A box and whisker plot of the results is also created.

The results suggest that a larger kernel size does appear to result in better accuracy and that perhaps a kernel size of 7 provides a good balance between good performance and low variance.

Box and whisker plot of 1D CNN with different numbers of kernel sizes

Box and whisker plot of 1D CNN with different numbers of kernel sizes

This is just the beginning of tuning the model, although we have focused on perhaps the more important elements. It might be interesting to explore combinations of some of the above findings to see if performance can be lifted even further.

It may also be interesting to increase the number of repeats from 10 to 30 or more to see if it results in more stable findings.

Multi-Headed Convolutional Neural Network

Another popular approach with CNNs is to have a multi-headed model, where each head of the model reads the input time steps using a different sized kernel.

For example, a three-headed model may have three different kernel sizes of 3, 5, 11, allowing the model to read and interpret the sequence data at three different resolutions. The interpretations from all three heads are then concatenated within the model and interpreted by a fully-connected layer before a prediction is made.

We can implement a multi-headed 1D CNN using the Keras functional API. For a gentle introduction to this API, see the post:

The updated version of the evaluate_model() function is listed below that creates a three-headed CNN model.

We can see that each head of the model is the same structure, although the kernel size is varied. The three heads then feed into a single merge layer before being interpreted prior to making a prediction.

When the model is created, a plot of the network architecture is created; provided below, it gives a clear idea of how the constructed model fits together.

Plot of the Multi-Headed 1D Convolutional Neural Network

Plot of the Multi-Headed 1D Convolutional Neural Network

Other aspects of the model could be varied across the heads, such as the number of filters or even the preparation of the data itself.

The complete code example with the multi-headed 1D CNN is listed below.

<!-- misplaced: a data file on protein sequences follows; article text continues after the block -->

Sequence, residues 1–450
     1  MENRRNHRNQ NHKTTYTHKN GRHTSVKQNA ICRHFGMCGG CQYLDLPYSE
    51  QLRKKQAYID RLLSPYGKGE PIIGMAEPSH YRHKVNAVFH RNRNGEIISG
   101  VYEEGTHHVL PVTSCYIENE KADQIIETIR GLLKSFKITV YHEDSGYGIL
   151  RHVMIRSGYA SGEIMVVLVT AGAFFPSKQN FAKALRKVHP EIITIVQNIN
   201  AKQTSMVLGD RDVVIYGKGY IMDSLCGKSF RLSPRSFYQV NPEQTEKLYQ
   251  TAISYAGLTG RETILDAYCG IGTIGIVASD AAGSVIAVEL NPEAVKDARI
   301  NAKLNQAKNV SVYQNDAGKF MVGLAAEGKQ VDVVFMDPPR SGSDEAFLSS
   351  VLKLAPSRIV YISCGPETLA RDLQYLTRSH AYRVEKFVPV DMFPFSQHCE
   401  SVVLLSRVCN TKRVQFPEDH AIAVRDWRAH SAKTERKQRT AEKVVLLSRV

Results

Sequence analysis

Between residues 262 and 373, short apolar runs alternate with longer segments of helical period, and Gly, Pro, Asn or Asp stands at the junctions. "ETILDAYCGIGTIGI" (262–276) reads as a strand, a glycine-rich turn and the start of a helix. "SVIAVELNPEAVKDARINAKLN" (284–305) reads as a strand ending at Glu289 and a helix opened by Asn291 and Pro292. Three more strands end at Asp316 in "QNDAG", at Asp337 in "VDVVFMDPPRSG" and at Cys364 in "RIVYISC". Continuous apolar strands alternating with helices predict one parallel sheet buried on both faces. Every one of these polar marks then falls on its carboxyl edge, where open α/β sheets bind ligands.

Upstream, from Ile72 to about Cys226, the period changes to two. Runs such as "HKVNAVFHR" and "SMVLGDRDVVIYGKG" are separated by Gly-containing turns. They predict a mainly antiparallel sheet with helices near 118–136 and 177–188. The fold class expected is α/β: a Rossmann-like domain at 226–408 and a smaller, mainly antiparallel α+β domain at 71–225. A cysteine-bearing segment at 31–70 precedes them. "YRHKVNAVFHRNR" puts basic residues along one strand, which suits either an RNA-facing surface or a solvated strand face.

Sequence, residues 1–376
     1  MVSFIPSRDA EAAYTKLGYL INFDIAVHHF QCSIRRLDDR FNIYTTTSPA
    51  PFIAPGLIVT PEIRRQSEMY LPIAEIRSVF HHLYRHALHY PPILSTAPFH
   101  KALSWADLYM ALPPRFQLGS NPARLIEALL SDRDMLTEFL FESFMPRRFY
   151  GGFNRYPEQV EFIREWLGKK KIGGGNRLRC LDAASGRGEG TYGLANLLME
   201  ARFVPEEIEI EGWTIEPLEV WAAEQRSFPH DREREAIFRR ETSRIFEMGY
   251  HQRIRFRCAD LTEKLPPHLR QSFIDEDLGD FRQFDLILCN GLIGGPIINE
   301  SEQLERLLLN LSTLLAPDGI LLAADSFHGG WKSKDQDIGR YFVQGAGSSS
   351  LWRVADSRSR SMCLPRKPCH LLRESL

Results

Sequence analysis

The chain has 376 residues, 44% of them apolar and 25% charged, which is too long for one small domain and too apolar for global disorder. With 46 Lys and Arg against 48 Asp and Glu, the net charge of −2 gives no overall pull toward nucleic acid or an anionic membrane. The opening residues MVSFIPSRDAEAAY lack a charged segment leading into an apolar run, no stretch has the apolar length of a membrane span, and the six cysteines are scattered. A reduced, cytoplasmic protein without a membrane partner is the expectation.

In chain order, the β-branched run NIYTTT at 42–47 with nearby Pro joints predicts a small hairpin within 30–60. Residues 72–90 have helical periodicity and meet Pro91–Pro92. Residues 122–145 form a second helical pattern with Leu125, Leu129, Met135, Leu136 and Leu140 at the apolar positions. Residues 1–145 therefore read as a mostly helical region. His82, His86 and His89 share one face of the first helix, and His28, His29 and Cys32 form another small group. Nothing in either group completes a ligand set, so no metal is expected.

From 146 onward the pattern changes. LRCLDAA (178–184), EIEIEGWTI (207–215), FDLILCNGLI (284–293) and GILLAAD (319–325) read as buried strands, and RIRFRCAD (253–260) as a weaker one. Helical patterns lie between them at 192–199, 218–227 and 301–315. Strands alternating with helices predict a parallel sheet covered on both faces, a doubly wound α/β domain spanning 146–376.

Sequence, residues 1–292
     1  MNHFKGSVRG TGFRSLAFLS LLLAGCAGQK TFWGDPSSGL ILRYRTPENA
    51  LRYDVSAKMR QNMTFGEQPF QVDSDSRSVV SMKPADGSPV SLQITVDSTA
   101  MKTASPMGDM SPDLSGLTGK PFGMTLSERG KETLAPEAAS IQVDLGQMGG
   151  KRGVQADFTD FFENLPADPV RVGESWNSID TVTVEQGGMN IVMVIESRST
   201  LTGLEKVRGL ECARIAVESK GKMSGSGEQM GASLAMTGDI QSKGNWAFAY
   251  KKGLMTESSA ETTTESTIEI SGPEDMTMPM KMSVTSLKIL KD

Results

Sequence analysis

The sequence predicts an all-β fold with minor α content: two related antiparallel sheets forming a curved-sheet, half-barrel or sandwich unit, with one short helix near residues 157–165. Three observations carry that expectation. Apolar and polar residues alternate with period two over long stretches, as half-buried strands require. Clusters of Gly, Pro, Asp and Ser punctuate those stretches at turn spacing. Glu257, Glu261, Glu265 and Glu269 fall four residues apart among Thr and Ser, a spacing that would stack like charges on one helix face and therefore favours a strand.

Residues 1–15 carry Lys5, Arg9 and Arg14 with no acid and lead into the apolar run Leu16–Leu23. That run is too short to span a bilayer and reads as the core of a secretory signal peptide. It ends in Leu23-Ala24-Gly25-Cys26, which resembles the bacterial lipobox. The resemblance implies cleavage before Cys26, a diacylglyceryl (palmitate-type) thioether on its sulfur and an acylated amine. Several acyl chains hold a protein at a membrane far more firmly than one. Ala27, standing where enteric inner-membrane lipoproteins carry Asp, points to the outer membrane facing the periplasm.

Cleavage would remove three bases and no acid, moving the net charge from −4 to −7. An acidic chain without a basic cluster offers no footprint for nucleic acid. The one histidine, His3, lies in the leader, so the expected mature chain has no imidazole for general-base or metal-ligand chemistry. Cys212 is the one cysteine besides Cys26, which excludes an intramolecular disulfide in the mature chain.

Running the example prints the performance of the model each repeat of the experiment and then summarizes the estimated score as the mean and standard deviation, as we did in the first case with the simple 1D CNN.

We can see that the average performance of the model is about 91.6% classification accuracy with a standard deviation of about 0.8.

This example may be used as the basis for exploring a variety of other models that vary different model hyperparameters and even different data preparation schemes across the input heads.

It would not be an apples-to-apples comparison to compare this result with a single-headed CNN given the relative tripling of the resources in this model. Perhaps an apples-to-apples comparison would be a model with the same architecture and the same number of filters across each input head of the model.

Extensions

This section lists some ideas for extending the tutorial that you may wish to explore.

  • Date Preparation. Explore other data preparation schemes such as data normalization and perhaps normalization after standardization.
  • Network Architecture. Explore other network architectures, such as deeper CNN architectures and deeper fully-connected layers for interpreting the CNN input features.
  • Diagnostics. Use simple learning curve diagnostics to interpret how the model is learning over the epochs and whether more regularization, different learning rates, or different batch sizes or numbers of epochs may result in a better performing or more stable model.

If you explore any of these extensions, I’d love to know.

Further Reading

This section provides more resources on the topic if you are looking to go deeper.

Papers

Articles

Summary

In this tutorial, you discovered how to develop one-dimensional convolutional neural networks for time series classification on the problem of human activity recognition.

Specifically, you learned:

  • How to load and prepare the data for a standard human activity recognition dataset and develop a single 1D CNN model that achieves excellent performance on the raw data.
  • How to further tune the performance of the model, including data transformation, filter maps, and kernel sizes.
  • How to develop a sophisticated multi-headed one-dimensional convolutional neural network model that provides an ensemble-like result.

Do you have any questions?
Ask your questions in the comments below and I will do my best to answer.


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2 Responses to How to Develop 1D Convolutional Neural Network Models for Human Activity Recognition

  1. Irati October 10, 2018 at 7:45 pm #

    Hi Jason,
    Both this post and your book are great! I have a question though:
    In my case, although the database has similar structure to the one of the example, due to the nature of the environment the dataset is small.
    I have been digging but I could not find a nice approach for the data augmentation problem where the case of study are multivariate time series.

    Any suggestion?

    Thanks for your work!

    • Jason Brownlee October 11, 2018 at 7:54 am #

      Thanks.

      A good starting point might be to add Gaussian noise to the input samples.